That Japan’s population is ageing will not come as a surprise to anyone. Having peaked in October 2010 at a fraction over 128 million, since then Japan’s population has been shrinking at the rate of around 200 thousand per annum. However, this seemingly modest decline masks a much bigger shift which lies beneath the surface.
Japan’s birth rate currently stands at 1.43 children per woman which is well below the 2.07 births estimated to be the level required to keep the population stable. Although the fertility rate has been below this level since 1973, increasing life expectancy resulted in the overall population continuing to grow for almost four decades. However, in the mid 1990’s Japan’s working age population started to decline and has since shrunk by almost 10 million people. Today, Japan’s working age population stands at a little under 60 million people a decline of around 15% from the mid 1990 peak.
Whilst the demographic challenges faced by Japan are widely known, the repercussions of the ageing population are less widely discussed. Today Japan has 8 million empty homes and predictions by the Fujitsu Research Institute suggest that the number of empty homes in Japan will reach 20 million by 2033, a third of the country's entire housing stock! The net result is that houses in Japan are literally being given away for free. When thought about in these terms, it is easy to see why demand in Japan is so weak, with the country failing to generate any meaningful growth, or inflation for that matter, since the working age population started to decline.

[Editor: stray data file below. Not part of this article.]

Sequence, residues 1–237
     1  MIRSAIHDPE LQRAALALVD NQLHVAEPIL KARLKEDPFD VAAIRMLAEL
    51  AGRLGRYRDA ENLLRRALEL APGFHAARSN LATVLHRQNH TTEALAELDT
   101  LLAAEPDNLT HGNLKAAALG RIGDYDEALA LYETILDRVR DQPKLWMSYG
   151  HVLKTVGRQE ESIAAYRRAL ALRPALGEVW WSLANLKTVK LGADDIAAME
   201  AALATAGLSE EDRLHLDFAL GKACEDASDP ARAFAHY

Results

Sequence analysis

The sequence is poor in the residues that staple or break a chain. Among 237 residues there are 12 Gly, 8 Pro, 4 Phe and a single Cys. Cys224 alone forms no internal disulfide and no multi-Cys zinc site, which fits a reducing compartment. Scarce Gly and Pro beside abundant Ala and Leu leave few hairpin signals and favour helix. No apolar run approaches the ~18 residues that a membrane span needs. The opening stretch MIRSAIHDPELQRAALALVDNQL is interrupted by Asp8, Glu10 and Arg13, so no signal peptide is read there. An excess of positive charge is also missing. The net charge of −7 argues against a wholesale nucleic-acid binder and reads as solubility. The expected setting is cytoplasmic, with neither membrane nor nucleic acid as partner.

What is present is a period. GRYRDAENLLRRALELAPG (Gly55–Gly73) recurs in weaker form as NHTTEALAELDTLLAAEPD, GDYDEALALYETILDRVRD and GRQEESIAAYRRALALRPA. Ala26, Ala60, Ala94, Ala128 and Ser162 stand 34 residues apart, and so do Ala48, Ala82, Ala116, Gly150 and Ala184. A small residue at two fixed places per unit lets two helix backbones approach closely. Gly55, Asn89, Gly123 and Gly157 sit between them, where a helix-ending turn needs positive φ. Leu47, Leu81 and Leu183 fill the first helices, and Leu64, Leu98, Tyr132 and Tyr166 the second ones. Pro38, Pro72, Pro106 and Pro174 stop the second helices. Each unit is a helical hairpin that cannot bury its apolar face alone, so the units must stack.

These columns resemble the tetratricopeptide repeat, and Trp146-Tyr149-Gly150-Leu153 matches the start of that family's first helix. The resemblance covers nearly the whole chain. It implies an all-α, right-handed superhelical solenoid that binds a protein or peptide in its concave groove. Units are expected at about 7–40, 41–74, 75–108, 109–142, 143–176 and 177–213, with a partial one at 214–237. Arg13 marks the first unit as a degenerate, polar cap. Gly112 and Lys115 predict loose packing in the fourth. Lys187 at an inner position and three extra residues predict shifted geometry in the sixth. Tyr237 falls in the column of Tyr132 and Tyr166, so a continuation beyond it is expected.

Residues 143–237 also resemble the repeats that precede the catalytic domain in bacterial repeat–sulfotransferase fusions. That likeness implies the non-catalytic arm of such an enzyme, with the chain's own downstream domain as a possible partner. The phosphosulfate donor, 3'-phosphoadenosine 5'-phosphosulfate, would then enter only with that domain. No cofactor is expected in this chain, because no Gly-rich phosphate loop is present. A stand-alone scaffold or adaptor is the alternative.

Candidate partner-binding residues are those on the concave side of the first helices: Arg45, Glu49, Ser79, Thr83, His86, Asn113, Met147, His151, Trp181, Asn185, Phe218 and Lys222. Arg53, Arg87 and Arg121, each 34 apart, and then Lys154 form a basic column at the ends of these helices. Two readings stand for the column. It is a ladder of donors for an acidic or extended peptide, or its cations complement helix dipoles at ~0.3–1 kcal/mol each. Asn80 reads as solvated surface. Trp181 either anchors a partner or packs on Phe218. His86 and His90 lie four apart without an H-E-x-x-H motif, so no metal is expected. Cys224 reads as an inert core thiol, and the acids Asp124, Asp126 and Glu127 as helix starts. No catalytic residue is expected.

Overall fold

This is not a uniquely Japanese problem. Take a look at Italy, where the working age population started to decline after 2013. Like Japan, Italy has also struggled to generate economic growth (and recently re-entered recession), having averaged a minus 0.3% growth rate over the past decade. The future doesn’t look much brighter for the country with the IMF projecting a growth rate of under 1% for each of the next five years.
One bright spot though is Italian property, but not in the way you might imagine. Across Italy there are believed to be over 2 million properties lying empty and last year the Sardinian town of Ollolai announced a plan to sell 200 homes for just €1 each in order to repopulate and revive the rural town. There may be a plus side to getting older after all.